Bratislava, 3 November 1997 (RFE/RL) -- The government of Slovak Prime Minister Vladimir Meciar proposes to increase the nation's value-added tax (VAT) for most newspapers and magazines from 6 percent to 23 percent. A spokesman for the Slovak parliament said last week that the legislature will take up the issue November 11.
The proposal is generating denunciations from news organizations and opposition politicians who charge that it is a thinly veiled scheme to control publications critical of the government.
The VAT would be leveled on periodicals whose advertising and, in the words of the bill, "erotic and pornographic" content exceeds 10 percent of total content. As originally proposed, the VAT barrier was set at a far less restrictive 50 percent. In free-market economies, for-profit publications often devote 40 percent or more of their space to paid advertising.
The chairman of the Slovak Journalists' Syndicate, Jan Fuele, says that because pornography is subject to interpretation, the government will be free to count within the 10-percent limit any material of which it disapproves.
In a commentary last week in the daily "Pravda" (truth), he puts it this way: "Clearly, ministers believe that spreading information and spreading pornography are the same thing, and are challenging the democratic press in the guise of fighting pornography."
Fuele writes also that one in three Slovaks already doesn't read newspapers because newspapers are too expensive.
The Association of Publishers of Periodicals in Slovakia protested the VAT increase, saying it would precipitate a prohbitive rise in the purchase prices.
The association issued a statement last week saying that the increased VAT would cause a decline in circulation, diminished pluralism of views, curtailed freedom of speech and the right to information, and a worsened reputation of Slovakia abroad. Slovakia's hopes to integrate with such Western institutions as the EU and NATO would be damaged further, the statement said.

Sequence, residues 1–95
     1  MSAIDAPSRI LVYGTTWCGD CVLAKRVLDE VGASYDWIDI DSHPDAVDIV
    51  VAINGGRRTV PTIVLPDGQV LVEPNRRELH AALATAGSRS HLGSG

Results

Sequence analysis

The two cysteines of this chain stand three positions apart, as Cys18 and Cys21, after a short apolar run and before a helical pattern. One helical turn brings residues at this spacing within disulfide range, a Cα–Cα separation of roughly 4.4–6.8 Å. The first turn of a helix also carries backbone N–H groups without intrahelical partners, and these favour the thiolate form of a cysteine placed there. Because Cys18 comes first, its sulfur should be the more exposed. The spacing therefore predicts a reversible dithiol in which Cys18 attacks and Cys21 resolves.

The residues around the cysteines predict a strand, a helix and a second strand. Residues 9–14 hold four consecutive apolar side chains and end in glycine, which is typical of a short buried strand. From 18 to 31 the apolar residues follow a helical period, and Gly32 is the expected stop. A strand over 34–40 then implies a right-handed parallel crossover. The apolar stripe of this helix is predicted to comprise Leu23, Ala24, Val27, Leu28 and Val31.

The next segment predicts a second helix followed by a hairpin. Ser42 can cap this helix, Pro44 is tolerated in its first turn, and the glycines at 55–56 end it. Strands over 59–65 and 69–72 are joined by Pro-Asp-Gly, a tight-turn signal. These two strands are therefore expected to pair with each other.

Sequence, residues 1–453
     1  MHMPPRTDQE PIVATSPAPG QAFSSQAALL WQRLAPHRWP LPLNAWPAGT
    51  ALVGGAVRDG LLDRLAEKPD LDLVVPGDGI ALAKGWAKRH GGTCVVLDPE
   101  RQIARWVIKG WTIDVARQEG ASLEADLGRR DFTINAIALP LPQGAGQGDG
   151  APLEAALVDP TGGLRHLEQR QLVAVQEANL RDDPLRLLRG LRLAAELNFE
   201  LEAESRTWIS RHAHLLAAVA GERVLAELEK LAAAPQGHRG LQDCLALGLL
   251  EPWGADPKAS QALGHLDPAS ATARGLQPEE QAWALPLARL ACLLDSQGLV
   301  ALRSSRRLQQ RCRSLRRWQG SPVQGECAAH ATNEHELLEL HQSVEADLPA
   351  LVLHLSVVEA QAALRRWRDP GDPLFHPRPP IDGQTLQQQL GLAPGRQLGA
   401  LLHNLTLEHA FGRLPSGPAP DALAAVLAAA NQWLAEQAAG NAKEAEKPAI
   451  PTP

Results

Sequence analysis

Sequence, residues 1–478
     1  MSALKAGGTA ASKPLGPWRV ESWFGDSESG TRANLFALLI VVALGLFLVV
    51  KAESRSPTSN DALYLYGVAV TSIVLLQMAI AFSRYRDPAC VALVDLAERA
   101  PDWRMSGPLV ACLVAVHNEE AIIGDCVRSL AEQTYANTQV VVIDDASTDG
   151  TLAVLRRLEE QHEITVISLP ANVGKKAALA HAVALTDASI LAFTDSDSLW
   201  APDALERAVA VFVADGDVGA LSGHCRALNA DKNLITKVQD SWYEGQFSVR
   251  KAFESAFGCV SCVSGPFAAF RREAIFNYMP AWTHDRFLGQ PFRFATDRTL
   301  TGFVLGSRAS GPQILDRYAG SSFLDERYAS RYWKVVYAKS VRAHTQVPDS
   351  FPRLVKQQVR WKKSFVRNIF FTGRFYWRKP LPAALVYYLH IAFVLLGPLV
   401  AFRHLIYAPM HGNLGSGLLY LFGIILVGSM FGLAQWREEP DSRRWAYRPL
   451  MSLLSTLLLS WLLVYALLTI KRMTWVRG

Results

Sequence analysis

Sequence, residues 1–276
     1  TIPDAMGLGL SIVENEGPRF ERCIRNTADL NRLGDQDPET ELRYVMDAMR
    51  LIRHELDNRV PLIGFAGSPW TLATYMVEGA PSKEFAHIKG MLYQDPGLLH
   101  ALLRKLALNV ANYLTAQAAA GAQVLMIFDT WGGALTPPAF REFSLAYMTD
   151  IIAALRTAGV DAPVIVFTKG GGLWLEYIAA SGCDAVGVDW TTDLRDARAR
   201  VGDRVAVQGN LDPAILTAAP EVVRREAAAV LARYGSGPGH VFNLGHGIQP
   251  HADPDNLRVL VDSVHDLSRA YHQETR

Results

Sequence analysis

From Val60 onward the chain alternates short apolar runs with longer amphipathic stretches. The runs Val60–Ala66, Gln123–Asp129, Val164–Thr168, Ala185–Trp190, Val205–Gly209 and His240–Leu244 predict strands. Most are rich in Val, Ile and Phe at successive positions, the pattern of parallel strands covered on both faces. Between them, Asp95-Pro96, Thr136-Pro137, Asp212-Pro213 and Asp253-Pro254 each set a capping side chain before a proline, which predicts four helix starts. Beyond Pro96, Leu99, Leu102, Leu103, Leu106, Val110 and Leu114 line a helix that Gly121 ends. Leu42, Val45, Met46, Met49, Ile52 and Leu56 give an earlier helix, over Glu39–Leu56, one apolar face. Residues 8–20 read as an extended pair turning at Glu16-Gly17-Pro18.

Both the EU and NATO have criticized Slovakia for its treatment of minorities, failure to adopt free market policies, and exercise of control over broadcast and print news organizations.
Jan Carnogursky, leader of the opposition Christian Democrats, recounted to journalists last week the fate of a 1990 proposal for an increased VAT on periodicals. Carnogursky said the proposal was put forward by Czechoslovak Finance Minister (now Czech Premier) Vaclav Klaus. Carnogursky said the Slovak cabinet rejected the proposal, its leader arguing that it would threaten press pluralism. That cabinet leader was Vladimir Meciar.
The Czechoslovak states divided into the Czech Republic and Slovakia in January 1993.
Slovak Premier Meciar says now that the quadrupled VAT wouldn't damage most newspapers. In a televised debate last week, he said it wouldn't affect the newspapers, only, "advertising above a defined ceiling."
The pro-government daily "Slovenska Republika" carried a commentary last week blaming a critical press and opposition politicians for Slovakia's lack of success with NATO and the EU. The commentary disputes a European Parliament report criticizing Slovakia for instability of its institutions and democratic shortcomings.
The commentary says: "Without doubt the opposition, which wields power through several public institutions, is partly responsible for opinions expressed in the report."